July 5, 2018 / Comments (0)

Daughters of Tzelafchad: Women’s Voice in the Wilderness

This week’s parsha is Pinchas, Numbers 25:10 – 30:1

There is a candidate for a state house race here in Maine, she’s what I’d call a “super Christian.”  Along with that comes, for good or for ill, a profound ignorance of other faiths, possibly even within her Christian fold.  I noted one of her (incidentally) anti-Semitic social media posts was that Judaism was “terrible for women” until Jesus Christ came along.  Naturally, I disagreed, but I checked with my wife first, to see if I did really disagree.

My true response is a snort, and a pointing finger at Parsha Pinchas, specifically the Daughters of Tzelafchad.  A census is taken, counting only the men, and the daughters of Tzelafchad, who didn’t join Korach’s rebellion, stand before the tent, and petition Moses (and subsequently, G-d), to allow them to inherit their father’s portion, rather than divvy it up among their clan and tribe.  The law of inheritance is modified, by G-d, to allow women to inherit their father’s land if he has no sons.

I always love this parsha for two reasons:  Divine law is mutable, and divine justice is available to anyone, even in our own sometimes male-dominated tradition.

There is a chassidic tradition that each generation of Jews relives (I found this here) a measure of the Israelite time in the wilderness on the way to inheriting the land. The daughters of Tzelafchad make their plea in Moab, right after Balak retains Bilaam to curse Israel, right before they come into the land. Accordingly, they believe this will be one of the last stages on the way to messianic redemption…is the explosion of female rabbis in all denominations, and the increasing presence of learned women in Orthodox Judaism a messianic portent?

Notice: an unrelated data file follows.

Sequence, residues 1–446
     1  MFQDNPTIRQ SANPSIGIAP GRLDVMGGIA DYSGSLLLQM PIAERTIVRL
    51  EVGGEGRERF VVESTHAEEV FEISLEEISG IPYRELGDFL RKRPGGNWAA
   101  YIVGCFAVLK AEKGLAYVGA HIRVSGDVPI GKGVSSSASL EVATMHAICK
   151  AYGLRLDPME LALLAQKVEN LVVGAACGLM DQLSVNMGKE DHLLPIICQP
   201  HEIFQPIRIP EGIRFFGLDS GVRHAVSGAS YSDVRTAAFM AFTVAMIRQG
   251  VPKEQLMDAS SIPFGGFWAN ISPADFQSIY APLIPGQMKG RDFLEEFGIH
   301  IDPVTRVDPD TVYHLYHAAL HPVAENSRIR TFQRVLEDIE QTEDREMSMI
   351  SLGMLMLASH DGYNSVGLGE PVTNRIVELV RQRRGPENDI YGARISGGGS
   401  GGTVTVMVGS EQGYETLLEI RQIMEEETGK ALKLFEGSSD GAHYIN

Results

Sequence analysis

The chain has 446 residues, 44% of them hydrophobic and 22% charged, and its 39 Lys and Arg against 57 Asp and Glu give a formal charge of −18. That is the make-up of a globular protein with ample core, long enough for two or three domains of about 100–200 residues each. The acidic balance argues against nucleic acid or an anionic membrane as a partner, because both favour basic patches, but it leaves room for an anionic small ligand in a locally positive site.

This is a hiking website, so we’re not going to delve into that here.  It’s just fascinating to me, personally.

Instead, I’d like to focus on a recent obituary (long in coming) that appeared in the New York times about the pioneering early thru hiker of the Appalachian Trail, Emma Gatewood.  This was a woman that survived abuse, and humbly but firmly staked her claim on the Appalachian Trail, just as the daughters of Tzelafchad did.  The shame of it is, many of us knew of Gatewood first as the veteran voice, channeled to disapprove of overly geared thru-hikers.  What we find out is that like the daughters in Parsha Pinchas, Gatewood emerged from out from under an androcentric 1950s world to assert her role; and it’s still shaping perceptions of the Appalachian Trail to this day.

One thing I’ve observed since the 1990s, from the Appalachian trail to the Alaskan backcountry, women are starting to take up their wilderness inheritance as well.  There are setbacks.  Geraldine Largay’s wrong turn, the double homicide of Julie Williams and Lollie Winans (still unsolved), or the murder of Rebecca Wight, to name a few.  These things easily happen to men as well, but there is often an undercurrent of sexualized violence against women when it occurs, and a greater sense of urgency to lost female hikers.

Today, at least 25% of thru hikers on the Appalachian Trail are women.  I didn’t research statistics for the Continental Divide Trail or Pacific Crest Trail, but based off video diaries and travel blogs, my sense is they’re on the rise on those trails as well.

Emma Gatewood slept under a shower curtain.  Women are breaking thru-hike speed records.  I’m seeing groups of women on trails.

In the Jewish world, just as we’re seeing spaces for women opening in scholarly pursuits, just as we’re seeing female infantry units in Israel, we also need to ensure we’re creating the space for frum Jewish women in the woods.  We face challenges (some of which we talk about in our book, The Kosher Backpacker), but they can be overcome.

We must strive to add Jewish women’s voices to our American wilderness inheritance.

Last modified: July 6, 2018

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